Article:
Real Name: Tony Stark
Nicknames and Aliases: Shellhead, Iron Avenger, the Cool Exec with a Heart of Steel
Powers and Abilities: Tony Stark is a mechanical and engineering genius, and a wealthy industrialist, able to create and upgrade fantastic technologies, including his ever-evolving Iron Man armor. He’s also been trained in hand-to-hand combat by Captain America, and of late, taken to calling himself a “futurist” with the ability to scientifically predict future events. It’s unclear if this is a super power or not, and is mainly used as validation for some of his more recent dick-ish actions.
Stark recently injected his nervous system with a techno-organic virus called Extremis that allows him to “store” the inner layers of his armor in the hollows of his bones and mentally control it. He can also control the other elements of his armor through “technopathy” allowing him to suit up at will. Extremis has also increased his body’s ability to heal and given him the ability to remotely connect to satellites, cell phones and computers worldwide.
Yeah, it’s overly-complicated and pretty lame.
Weaknesses and Achilles’ Heels: During his early appearances, the chest plate of the Iron Man armor prevented a piece of shrapnel from piercing Tony’s heart; as a result, he had to wear it at all times and worry about it losing power. Eventually, he had a successful surgery to remove it. Afterwards he suffered from various debilitating diseases and handicaps that he eventually overcame (shot in the spine, paralyzed, presumed dead, debilitating nervous disease, Republicanism). Also he’s an alcoholic. And kind of a dick.
Gadgets and Accessories: The Iron Man armor is one big gadget, complete with his offensive repulsor rays, uni-beam, flight capabilities, energy shields, EMP generators, and all kinds of other gizmos and abilities. Once upon a time, Tony carried the (presumably lightweight but still tough) armor in a briefcase for easy access. He has also developed numerous “special purpose” armors over the years, including ones designed for use in deep space or deep waters, stealth, a heavy duty “Hulkbuster” armor designed for combat with the Hulk and another “Thorbuster” armor for facing off against Thor.
Friends and Allies: Harold “Happy” Hogan (his driver/best friend, who’s dead now I think) Virginia “Pepper” Potts (his former secretary and love interest), Jim Rhodes (aka War Machine, his friend, former pilot and occasional substitute Iron Man), the Avengers, S.H.I.E.L.D, and the many, many attractive ladies he’s bedded through the years, too many to name here.
Foes and Antagonists: The Mandarin, Titanium Man, Crimson Dynamo, M.O.D.O.K, Whiplash, Ultimo, Living Laser, Jack Daniels, Jim Beam, Justin Hammer, Captain Morgan, Obadiah Stane
One-Sentence Origin: After being fatally wounded while testing weapons in a warzone and captured, Tony Stark used his mechanical genius to create a suit of armor to stay alive and break free, thereafter deciding to use his constantly-upgraded armor to defend the world from evil as Iron Man.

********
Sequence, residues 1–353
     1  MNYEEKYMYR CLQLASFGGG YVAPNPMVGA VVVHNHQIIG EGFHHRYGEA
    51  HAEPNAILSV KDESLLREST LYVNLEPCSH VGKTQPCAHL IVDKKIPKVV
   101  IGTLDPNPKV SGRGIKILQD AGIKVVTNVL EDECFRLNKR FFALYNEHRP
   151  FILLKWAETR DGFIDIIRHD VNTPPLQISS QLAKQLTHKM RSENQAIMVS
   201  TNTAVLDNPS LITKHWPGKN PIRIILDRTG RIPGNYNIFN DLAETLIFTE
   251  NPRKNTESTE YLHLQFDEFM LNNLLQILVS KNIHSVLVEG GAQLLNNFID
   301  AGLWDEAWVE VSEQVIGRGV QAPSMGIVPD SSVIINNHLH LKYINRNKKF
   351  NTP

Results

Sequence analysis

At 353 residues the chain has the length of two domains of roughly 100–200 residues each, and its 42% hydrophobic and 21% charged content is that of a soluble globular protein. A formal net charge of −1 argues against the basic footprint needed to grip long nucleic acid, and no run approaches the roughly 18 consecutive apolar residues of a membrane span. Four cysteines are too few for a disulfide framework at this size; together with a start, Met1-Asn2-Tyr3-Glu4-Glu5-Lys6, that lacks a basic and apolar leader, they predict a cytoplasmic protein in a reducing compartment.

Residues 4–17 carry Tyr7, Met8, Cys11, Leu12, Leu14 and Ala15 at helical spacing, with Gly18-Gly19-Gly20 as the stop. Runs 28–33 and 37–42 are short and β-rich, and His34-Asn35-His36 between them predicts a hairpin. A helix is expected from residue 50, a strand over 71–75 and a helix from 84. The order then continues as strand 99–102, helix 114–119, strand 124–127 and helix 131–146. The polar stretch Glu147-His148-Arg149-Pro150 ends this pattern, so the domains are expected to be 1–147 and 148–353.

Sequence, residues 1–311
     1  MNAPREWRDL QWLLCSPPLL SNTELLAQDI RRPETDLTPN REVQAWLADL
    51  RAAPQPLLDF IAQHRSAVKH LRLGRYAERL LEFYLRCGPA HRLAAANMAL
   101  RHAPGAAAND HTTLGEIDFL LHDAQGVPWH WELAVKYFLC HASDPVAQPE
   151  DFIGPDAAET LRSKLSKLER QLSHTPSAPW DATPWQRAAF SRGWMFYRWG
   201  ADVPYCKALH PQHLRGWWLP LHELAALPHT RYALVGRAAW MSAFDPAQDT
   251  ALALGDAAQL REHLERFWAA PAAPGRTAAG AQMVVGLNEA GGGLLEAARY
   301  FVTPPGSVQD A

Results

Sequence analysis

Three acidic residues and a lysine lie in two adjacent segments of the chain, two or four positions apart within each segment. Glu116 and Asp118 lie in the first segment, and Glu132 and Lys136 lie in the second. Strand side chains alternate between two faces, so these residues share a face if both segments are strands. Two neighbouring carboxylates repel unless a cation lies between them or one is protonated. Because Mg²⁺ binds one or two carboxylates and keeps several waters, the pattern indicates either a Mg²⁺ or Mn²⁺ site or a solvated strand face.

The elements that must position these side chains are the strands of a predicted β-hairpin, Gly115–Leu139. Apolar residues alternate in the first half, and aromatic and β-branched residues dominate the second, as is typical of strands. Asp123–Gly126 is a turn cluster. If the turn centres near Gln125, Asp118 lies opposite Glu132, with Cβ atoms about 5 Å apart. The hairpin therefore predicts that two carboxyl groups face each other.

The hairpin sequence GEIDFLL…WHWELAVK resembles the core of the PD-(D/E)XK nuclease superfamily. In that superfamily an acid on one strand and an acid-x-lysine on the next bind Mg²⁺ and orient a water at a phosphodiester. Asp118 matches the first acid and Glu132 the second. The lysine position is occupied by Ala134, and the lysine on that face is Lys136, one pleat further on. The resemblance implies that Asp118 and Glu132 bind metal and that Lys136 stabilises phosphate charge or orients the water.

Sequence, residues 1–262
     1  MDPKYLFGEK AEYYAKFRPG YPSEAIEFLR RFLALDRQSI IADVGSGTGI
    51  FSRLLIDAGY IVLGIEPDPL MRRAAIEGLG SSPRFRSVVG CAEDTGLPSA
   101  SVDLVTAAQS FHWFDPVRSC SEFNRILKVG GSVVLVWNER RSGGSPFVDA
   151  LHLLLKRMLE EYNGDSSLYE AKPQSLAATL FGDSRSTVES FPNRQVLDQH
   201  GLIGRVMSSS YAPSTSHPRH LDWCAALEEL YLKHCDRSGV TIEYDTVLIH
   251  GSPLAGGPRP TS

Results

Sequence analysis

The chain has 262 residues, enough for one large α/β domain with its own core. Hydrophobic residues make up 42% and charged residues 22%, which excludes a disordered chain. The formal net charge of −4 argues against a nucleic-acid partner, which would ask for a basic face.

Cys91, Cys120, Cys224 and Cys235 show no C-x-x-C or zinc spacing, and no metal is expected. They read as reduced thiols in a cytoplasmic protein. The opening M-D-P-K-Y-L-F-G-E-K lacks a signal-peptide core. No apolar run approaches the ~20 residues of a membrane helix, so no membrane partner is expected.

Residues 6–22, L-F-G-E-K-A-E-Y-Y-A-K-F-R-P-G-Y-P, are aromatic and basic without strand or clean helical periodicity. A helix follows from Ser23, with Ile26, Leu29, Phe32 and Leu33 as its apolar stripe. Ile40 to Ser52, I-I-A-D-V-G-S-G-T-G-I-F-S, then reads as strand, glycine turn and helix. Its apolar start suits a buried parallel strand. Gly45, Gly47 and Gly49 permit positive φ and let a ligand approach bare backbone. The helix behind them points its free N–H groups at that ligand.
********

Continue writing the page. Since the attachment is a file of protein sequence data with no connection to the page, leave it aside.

Memorable Moment: Iron Man 128 (November 1979) in which the extent of Tony Stark’s alcoholism is made clear.
Fun Fact: Iron Man's armor isn't made out of much iron, rather it is composed of various complicated steel and titanium alloys, making his name something of a misnomer.
Teebore’s Take: Iron Man always seemed an odd fit at Marvel in the sixties, lacking much of the pathos and grounded-reality of many of the other characters: down-on-his-luck Peter Parker, the persecuted Hulk, Ben Grimm trapped in the form of the monstrous Thing. On the surface, Tony Stark had more in common with DC’s Superman, the character you wanted to be (in Iron Man’s case, a handsome millionaire playboy with access to the coolest toys and tons of babes) instead of the character you related to, like Spider-Man.
The damaged heart and the need to wear/power the chest plate was obviously Stan Lee’s attempt to ground the otherwise happy-go-lucky, wealthy industrialist. It’s also interesting to note that Iron Man origin/motivation isn’t born of personal tragedy. His Uncle Ben didn’t die as result of his actions. Rather, he saw firsthand the effects of the weapons he manufactured, and after being injured by one, designed an even greater weapon to good instead of harm. Even then (these stories taking place at the height of the Cold War) it took some time before Stark International stopped being a munitions company and transitioned to the production of more beneficial technologies.
After the heart injury became too difficult/ludicrous to continue, the new weakness that grounded the character became his alcoholism, and to a larger extent, the issue of an addictive, controlling personality. Even prior to his recent actions in the Marvel Civil War (in which Iron Man sided with the government on the issue of registering all super humans and led the charge against Captain America’s rebels) Iron Man has always been an “ends justify the means kind of guy,” often skirting the line between hero and villain along the way, and coming into conflict with less morally relativistic characters like Captain America, citing a “big picture” view of things to rationalize his actions.
It’s likely that much of the appeal of the character comes from this more complex “gray area” approach to heroism; I particularly enjoy it when Iron Man comes into conflict with someone I more readily agree with, like Captain America. This is also probably why Iron Man continues to draw fans and readers, even though many consider his recent actions as the director of international peacekeeping/espionage force S.H.I.E.L.D and the head of the government’s post-registration 50 State Initiative to be at worst, outright villainy and at best, him being a dick.
Also, he wears a high tech suit of armor that flies and shoots ray beams at stuff, and that’s pretty cool.